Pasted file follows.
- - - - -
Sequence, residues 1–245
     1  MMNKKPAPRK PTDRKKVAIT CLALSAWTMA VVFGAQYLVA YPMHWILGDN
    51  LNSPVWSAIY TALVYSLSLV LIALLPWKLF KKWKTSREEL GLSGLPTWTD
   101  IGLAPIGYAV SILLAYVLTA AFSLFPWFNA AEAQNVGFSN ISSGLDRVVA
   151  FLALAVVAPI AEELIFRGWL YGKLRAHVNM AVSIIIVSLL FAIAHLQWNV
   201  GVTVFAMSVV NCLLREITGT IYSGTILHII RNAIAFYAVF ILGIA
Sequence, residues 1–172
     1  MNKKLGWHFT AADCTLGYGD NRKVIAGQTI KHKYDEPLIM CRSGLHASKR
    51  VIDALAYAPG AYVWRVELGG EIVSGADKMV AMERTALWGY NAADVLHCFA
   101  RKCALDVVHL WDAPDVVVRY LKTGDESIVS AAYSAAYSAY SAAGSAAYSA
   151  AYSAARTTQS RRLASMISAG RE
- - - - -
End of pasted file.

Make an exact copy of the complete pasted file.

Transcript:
Sequence, residues 1–245
     1  MMNKKPAPRK PTDRKKVAIT CLALSAWTMA VVFGAQYLVA YPMHWILGDN
    51  LNSPVWSAIY TALVYSLSLV LIALLPWKLF KKWKTSREEL GLSGLPTWTD
   101  IGLAPIGYAV SILLAYVLTA AFSLFPWFNA AEAQNVGFSN ISSGLDRVVA
   151  FLALAVVAPI AEELIFRGWL YGKLRAHVNM AVSIIIVSLL FAIAHLQWNV
   201  GVTVFAMSVV NCLLREITGT IYSGTILHII RNAIAFYAVF ILGIA
Sequence, residues 1–172
     1  MNKKLGWHFT AADCTLGYGD NRKVIAGQTI KHKYDEPLIM CRSGLHASKR
    51  VIDALAYAPG AYVWRVELGG EIVSGADKMV AMERTALWGY NAADVLHCFA
   101  RKCALDVVHL WDAPDVVVRY LKTGDESIVS AAYSAAYSAY SAAGSAAYSA
   151  AYSAARTTQS RRLASMISAG RE